Four Vikings players took part in the Pro Bowl game hosted in Orlando, Fla.
As the Vikings offseason is underway, evaluations are in progress of the 2018 season and performances of each player and position group.
Matthew Coller of SKOR North is also looking up close at each position group in an article series, asking the following questions: “What worked? What didn’t work? What might change in 2019? What are the best- and worst-case scenarios? What options do they have moving forward?”
Recently, Coller delved into the Vikings running backs room and focused mainly on Dalvin Cook, who returned in 2018 from the torn ACL he suffered in his rookie campaign but missed additional time with a hamstring injury. Coller wrote:
Despite struggles on the offensive line, Cook made the most of his opportunities. He gained 4.6 yards per carry on 133 rushes and caught 40 passes on 49 targets at 7.6 yards per reception.
He averaged 5.0 yards per rush on first down and was tremendously successful running out of the shotgun, gaining 6.4 yards per carry on 39 runs.
The former Florida State star saw an increase in workload after Kevin Stefanski took over as offensive coordinator, gaining 248 yards in three games at 5.4 yards per carry.
Coller reminded that Cook missed time but opined that he was “vastly underutilized at times” when healthy, pointing out that he surpassed 15 carries in a game only once (Week 1 against the 49ers) prior to Stefanski taking over as interim offensive coordinator.
Coller expects “lots” to change in Minnesota’s running game under Stefanski as offensive coordinator and newly hired Assistant Head Coach/Offensive Advisor Gary Kubiak.
The sheer number of touches by the Vikings No. 1 back is likely to jump exponentially. The top running backs in the league like Ezekiel Elliott, Todd Gurley and Christian McCaffrey are getting more than 20 touches per game, whereas Cook saw 15.7 per game in 2018.
Using Cook’s full skillset should be a priority. With his terrific receiving ability, the Vikings should be aiming to get him in the range of 60-80 targets. While improving the screen game should be a top priority, it would also make sense to give Cook some downfield throws like we have seen to the likes of James White, Tarik Cohen and Gurley.
According to Coller, the best-case scenario for Cook in 2019 would be staying healthy and becoming “the centerpiece of the Vikings offense.”
View the best exclusive images shot by team photographers of Vikings running backs during the 2018 season.
Daniel Jeremiah tabs 5 Senior Bowl standouts
After each day of Senior Bowl practice in Mobile, Alabama, NFL Media analyst Daniel Jeremiah highlighted his standout athletes of the session. He evaluated once more over the weekend, tabbing five players who shined during Saturday’s game.
Jeremiah started with a pair of quarterbacks, Duke’s Daniel Jones and N.C. State’s Ryan Finley. He wrote:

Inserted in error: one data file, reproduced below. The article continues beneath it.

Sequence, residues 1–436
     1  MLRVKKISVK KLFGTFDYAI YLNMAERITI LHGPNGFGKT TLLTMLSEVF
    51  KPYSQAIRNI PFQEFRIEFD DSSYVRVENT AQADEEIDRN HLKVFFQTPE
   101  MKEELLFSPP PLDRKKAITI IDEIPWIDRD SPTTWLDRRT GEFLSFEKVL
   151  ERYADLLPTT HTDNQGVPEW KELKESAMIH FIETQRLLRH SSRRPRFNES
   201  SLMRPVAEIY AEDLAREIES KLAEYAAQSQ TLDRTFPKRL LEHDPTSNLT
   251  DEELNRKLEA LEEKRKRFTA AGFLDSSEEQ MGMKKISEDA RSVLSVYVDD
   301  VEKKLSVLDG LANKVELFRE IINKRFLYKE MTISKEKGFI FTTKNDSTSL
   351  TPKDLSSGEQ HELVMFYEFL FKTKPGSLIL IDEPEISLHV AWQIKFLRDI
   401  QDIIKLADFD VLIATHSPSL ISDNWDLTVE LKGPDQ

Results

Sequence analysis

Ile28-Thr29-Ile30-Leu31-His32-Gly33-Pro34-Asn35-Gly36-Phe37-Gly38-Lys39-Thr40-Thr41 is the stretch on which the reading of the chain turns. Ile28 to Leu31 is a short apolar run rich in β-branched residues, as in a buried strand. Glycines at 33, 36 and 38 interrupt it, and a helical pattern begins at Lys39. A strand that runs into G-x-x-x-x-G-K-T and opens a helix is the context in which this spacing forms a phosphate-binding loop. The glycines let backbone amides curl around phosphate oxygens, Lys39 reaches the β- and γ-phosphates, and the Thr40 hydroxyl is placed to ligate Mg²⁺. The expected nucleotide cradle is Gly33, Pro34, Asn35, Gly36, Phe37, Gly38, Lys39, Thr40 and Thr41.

The Raiders coaching staff, which coached Jones' North squad, did a good job of getting him on the move when he started the second half. That helped him get into a rhythm, which was good to see. There was a lot of pressure on him going into the game after an uneven week of practice, and I thought he rose to the occasion on Saturday.
Finley was probably the most consistent and effective of the quarterbacks today. […] He was accurate, poised and made good decisions.
Jeremiah opined that Finley “had the cleanest game” among Senior Bowl quarterbacks despite not having “a huge arm.”
Next, Jeremiah looked at Western Illinois defensive tackle Khalen Saunders, who became a first-time father during the week of Senior Bowl. Saunders notched the game’s first sack and, according to Jeremiah, showed his quickness and was disruptive. Jeremiah said that Saunders reminded him of “the way Antwaun Woods played for the Dallas Cowboys” in 2018 and said he could “envision Saunders doing similar things at the next level.”
U Mass receiver Andy Isabella also impressed after being “a little disappointing in practice.”
But like his North squad teammate Jones, he saved his best for last, leading all receivers with seven catches for 74 yards and a touchdown on Saturday. He was good after the catch, putting his toughness on display. The team that drafts him is going to love using him on fly sweeps and bubble screens – just get the ball in his hands and watch him go.
Lastly, Jeremiah highlighted Texas defensive end Charles Omenihu.
Some of his big plays were made off of effort and just not quitting on the play. He’s not a finished product, but there’s a lot to work with, and he helped himself in Mobile.
Vikings Legend Esera Tuaolo heading panel discussion during week of Super Bowl LIII
Former Vikings defensive lineman Esera Tuaolo, who spent five of his nine NFL seasons in Minnesota, will be part of a panel discussion in Atlanta at the National Center for Civil and Human Rights.
Forbes contributor Jerry Barca wrote that Tuaolo is partnering with his foundation, Hate is Wrong, for the event that is being sponsored by the Vikings. Barca wrote:
The first panel will examine efforts made by athletes, sports businesses and non-profits to create LGBTQ inclusive spaces in professional sports. Panelists scheduled to participate are [President of Adidas North America] Zion Armstrong, Olympic gold medalist diver Greg Louganis and Tuaolo.
The second panel has an NFL focus. It will look at what the league, its teams and the media can do to make the NFL a more welcoming environment for LGBTQ people. The scheduled speakers on that panel include front office brass such as Atlanta Falcons assistant general manager Scott Pioli and Minnesota Vikings [Vice President of Legal & Social Impact Karin Nelsen]. The NFL’s first openly gay coach, San Francisco 49ers offensive assistant Katie Sowers, is also scheduled to be there, as well as NBC Sports' Peter King.